When women complain about infidelity, misdirected scriptures and solutions; ‘fight with your knees’, be a Proverbs 31 woman and be a joy to your husband, musha mukadzi (a woman stabilises marriage) (authenticating the man’s irresponsibility).

While prayer is crucial, the church must learn to take issues head on. The diplomacy of the church on matters of marital infidelity and being ‘soft’ on male unrestrained sexual prowess has destroyed the power of the church. A sober understanding is that a real man is not marked by sexual prowess. Mothers as first teachers have a role to play too.

Burdening the girl child and not training the boy child produce men who are reluctant to help in household chores. For the woman who want loving and caring husband, have you raised a loving and caring boy? Some boys are socialised to abdicate all responsibilities in the home.

It is the same women who complain that men do not want to help them. Who set the pace? It is a reminder for parents in the home to train up all the children the way they should go (Proverbs 22:6).

The shifting paradigms in our society somehow challenge the Shona indigenous traditional gender roles. Christianity further reinforced the oppression and burden on African women through the patriarchal Jewish culture. Colonialism also played its role in usurping the political and economic power that women enjoyed.

Therefore, the magnitude of exclusion, marginalisation and burden that African women experience should be addressed meaningfully. Both men and women should participate in the home because some of the traditional roles of men like hunting and fishing have long ceased because of colonial and post-colonial political and economic developments that govern land.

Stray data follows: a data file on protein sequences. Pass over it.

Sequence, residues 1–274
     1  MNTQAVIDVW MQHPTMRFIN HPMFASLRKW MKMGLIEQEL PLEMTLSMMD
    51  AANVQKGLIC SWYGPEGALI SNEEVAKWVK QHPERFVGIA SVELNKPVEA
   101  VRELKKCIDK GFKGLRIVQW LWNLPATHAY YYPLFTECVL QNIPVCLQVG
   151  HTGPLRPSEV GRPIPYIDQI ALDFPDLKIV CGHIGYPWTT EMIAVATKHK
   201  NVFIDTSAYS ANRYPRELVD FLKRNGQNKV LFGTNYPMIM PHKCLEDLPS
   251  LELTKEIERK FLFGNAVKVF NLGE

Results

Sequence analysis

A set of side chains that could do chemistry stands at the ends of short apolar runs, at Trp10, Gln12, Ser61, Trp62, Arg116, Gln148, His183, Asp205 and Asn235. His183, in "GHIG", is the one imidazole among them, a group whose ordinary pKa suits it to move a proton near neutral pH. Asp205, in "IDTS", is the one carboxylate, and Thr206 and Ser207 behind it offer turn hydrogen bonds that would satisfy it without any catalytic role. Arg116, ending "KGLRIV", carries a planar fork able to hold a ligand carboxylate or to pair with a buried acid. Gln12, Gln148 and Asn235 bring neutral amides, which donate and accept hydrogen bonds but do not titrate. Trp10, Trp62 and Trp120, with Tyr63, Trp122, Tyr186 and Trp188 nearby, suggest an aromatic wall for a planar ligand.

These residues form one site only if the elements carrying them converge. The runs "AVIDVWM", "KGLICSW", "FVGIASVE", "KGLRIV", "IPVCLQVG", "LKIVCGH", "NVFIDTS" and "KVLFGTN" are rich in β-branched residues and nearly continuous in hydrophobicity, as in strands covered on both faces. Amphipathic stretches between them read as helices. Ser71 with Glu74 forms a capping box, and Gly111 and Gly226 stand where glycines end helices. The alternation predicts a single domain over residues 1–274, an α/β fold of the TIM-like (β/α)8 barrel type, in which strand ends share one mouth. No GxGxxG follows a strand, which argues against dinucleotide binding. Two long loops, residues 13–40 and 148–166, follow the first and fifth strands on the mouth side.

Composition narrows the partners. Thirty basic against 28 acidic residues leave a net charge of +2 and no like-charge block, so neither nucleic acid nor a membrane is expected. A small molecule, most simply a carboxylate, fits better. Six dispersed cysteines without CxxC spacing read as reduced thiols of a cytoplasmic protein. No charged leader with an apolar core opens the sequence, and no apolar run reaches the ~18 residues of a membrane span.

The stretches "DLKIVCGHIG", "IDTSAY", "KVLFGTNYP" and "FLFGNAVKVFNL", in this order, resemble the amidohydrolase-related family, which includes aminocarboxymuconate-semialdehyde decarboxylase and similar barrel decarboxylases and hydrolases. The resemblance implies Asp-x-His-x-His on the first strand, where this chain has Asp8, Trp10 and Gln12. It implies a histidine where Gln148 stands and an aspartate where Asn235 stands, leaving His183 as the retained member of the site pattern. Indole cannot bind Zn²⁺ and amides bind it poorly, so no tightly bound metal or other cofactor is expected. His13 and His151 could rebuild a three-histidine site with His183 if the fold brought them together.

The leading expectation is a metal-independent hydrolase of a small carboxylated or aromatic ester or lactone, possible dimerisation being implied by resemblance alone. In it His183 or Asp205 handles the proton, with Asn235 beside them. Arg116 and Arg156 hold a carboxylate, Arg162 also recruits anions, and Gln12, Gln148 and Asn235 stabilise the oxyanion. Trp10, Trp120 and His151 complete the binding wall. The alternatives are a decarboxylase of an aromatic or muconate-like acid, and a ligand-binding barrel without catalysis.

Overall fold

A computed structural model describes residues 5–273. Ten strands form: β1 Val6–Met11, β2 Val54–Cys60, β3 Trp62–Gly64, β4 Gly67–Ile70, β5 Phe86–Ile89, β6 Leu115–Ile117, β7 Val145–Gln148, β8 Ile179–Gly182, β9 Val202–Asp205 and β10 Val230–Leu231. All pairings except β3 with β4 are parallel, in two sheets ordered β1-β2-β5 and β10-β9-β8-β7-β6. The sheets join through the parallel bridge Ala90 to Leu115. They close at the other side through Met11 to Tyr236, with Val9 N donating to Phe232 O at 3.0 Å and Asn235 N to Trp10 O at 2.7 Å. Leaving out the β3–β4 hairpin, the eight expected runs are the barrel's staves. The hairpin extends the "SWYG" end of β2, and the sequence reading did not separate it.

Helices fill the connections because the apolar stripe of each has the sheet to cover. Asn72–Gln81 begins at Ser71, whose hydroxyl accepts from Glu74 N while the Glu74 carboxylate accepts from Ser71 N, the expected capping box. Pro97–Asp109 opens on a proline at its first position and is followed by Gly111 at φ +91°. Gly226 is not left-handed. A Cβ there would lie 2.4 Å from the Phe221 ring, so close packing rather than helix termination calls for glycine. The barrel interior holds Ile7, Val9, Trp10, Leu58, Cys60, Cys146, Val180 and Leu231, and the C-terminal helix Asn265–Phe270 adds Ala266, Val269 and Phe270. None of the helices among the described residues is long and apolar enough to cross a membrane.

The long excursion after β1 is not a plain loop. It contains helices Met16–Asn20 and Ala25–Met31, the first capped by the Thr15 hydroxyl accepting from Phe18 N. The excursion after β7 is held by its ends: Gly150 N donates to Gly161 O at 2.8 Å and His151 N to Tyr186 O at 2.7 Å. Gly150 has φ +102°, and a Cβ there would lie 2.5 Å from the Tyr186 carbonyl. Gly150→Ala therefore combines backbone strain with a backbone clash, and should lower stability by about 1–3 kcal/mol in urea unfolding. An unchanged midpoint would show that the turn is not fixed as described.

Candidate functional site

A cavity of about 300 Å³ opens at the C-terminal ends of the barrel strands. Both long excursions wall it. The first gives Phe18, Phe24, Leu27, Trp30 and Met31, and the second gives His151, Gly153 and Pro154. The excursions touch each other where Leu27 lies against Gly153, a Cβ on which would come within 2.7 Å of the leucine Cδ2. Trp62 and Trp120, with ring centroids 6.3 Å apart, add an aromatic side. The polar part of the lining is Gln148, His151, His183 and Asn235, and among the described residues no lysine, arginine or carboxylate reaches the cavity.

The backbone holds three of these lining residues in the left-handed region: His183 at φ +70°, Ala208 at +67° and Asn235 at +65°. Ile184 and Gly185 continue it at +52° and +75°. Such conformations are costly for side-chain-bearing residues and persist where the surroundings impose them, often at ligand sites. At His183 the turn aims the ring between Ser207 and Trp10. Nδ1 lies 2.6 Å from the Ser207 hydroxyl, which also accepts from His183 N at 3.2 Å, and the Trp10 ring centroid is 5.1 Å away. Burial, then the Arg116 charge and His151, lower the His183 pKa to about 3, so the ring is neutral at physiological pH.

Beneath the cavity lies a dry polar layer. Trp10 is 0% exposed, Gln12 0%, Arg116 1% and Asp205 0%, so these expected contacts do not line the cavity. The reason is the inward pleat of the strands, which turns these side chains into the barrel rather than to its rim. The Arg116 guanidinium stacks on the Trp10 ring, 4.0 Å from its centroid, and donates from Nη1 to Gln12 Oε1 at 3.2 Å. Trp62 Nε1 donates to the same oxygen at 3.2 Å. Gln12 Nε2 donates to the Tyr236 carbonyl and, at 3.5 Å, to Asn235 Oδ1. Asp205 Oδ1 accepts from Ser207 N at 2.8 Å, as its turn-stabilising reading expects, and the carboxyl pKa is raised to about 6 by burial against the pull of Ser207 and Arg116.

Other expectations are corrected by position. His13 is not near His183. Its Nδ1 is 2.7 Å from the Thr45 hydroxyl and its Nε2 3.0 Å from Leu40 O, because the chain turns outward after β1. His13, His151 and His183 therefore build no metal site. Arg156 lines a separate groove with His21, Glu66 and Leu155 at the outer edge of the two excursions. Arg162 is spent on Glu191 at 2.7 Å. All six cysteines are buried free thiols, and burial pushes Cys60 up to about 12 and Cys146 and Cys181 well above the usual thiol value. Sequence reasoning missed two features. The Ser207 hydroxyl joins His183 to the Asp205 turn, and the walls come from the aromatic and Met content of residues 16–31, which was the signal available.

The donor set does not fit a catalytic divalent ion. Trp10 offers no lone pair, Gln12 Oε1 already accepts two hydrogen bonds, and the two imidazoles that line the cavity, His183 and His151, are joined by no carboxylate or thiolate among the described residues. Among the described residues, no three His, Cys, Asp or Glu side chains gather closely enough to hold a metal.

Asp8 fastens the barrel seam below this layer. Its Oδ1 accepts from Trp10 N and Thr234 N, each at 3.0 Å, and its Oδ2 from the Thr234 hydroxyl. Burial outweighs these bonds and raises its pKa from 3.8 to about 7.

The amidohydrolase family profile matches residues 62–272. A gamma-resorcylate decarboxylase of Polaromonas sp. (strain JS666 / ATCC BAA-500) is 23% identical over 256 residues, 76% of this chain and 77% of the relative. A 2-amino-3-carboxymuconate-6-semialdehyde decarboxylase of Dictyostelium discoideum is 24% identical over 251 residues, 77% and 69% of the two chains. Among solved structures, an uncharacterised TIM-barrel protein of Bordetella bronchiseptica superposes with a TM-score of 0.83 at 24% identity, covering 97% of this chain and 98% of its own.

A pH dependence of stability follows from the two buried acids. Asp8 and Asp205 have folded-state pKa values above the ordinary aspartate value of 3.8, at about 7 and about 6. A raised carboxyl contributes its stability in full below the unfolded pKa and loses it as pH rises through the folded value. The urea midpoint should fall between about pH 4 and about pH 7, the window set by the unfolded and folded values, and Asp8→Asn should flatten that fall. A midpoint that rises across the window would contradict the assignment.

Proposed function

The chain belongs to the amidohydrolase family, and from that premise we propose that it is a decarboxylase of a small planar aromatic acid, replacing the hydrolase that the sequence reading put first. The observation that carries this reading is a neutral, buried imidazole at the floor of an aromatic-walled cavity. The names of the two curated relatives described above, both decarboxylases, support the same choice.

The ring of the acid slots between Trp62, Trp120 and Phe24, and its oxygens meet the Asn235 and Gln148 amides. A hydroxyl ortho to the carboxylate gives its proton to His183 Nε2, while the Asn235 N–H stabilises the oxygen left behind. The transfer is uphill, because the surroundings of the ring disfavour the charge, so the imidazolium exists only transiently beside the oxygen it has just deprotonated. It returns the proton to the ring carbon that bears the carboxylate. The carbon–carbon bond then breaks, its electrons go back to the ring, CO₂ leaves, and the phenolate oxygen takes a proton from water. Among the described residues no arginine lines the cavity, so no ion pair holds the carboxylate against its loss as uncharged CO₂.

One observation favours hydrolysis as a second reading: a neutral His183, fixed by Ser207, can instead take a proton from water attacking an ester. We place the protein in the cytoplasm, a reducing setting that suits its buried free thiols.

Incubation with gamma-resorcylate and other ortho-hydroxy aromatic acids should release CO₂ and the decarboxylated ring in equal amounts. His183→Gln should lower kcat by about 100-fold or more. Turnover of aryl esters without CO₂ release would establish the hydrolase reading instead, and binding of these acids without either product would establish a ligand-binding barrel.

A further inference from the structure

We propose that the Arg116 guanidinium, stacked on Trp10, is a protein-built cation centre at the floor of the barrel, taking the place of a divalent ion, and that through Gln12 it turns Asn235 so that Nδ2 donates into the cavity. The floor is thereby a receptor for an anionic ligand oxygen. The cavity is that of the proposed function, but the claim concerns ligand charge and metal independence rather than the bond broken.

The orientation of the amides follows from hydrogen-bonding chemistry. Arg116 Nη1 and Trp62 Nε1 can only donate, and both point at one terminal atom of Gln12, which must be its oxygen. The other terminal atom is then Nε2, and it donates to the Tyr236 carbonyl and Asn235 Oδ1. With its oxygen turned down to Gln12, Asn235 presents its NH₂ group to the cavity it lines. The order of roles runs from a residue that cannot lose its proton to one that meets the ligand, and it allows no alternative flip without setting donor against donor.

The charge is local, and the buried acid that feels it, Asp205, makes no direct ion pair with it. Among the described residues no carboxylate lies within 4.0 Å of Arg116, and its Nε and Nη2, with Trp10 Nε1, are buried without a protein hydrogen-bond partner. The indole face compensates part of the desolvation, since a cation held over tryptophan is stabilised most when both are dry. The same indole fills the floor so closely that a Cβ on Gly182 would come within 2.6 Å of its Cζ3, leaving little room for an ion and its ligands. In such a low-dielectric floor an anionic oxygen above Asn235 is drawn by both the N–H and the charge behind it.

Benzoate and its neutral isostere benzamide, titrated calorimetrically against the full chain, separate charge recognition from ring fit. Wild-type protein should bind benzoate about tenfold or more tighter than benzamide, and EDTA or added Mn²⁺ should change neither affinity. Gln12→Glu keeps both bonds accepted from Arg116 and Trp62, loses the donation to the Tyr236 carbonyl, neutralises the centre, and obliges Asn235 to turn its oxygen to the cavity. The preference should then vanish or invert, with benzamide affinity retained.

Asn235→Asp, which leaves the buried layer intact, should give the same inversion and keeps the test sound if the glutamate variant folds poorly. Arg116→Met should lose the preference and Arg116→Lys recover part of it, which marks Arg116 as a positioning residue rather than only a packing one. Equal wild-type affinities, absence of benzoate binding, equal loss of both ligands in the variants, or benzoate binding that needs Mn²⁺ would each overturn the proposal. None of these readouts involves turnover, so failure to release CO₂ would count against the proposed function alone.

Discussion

I do not prescribe gender roles for families because they are different in composition and orientation but the spirit of partnership and reciprocity sail above all challenges!

Why men are significant in the discourse of gender-based and sexual violence?
The role of man in curbing gender based and sexual violence cannot be questioned. Women are depicted as weaker.
I believe this refers to physical prowess and not mental. That is why most girls and women suffer violence because they are regarded as weaker or have internalised that they cannot contend with a man.

Also, women who attain leadership posts seem to forget the struggles of their fellow women. Several questions have been raised on why powerful women who ascend to the top subsequently become neutralised. While there might be several reasons to that, there is no doubt that the institutionalisation of patriarchy influences the women to deploy masculinised models of interaction and approach.

They therefore operate as ‘men’ who cannot identify with the basic needs of women. A good example comes from the outcry that Zimbabwean women have had for years-the need for subsidy and provision of sanitary ware for girls and in hospitals. This request is always rubbished by men. Hence many women at grassroots level feel betrayed by female leaders. Men understand each other better than what a woman can do.

I use the above example of sanitary ware to challenge and unsettle female leaders to re-think womanhood and mother hood and what it entails, especially when they occupy the top posts and they fail to deliver. Their silence on sexual violence is a cause of concern.

I posed the question; men, how do you feel when your sister, wife or mother is raped? It should give every man the zeal to denounce the perpetrators of sexual violence. Men understand better their own ego. No woman can claim to understand and speak for men. Women always question the rationality of men who rape.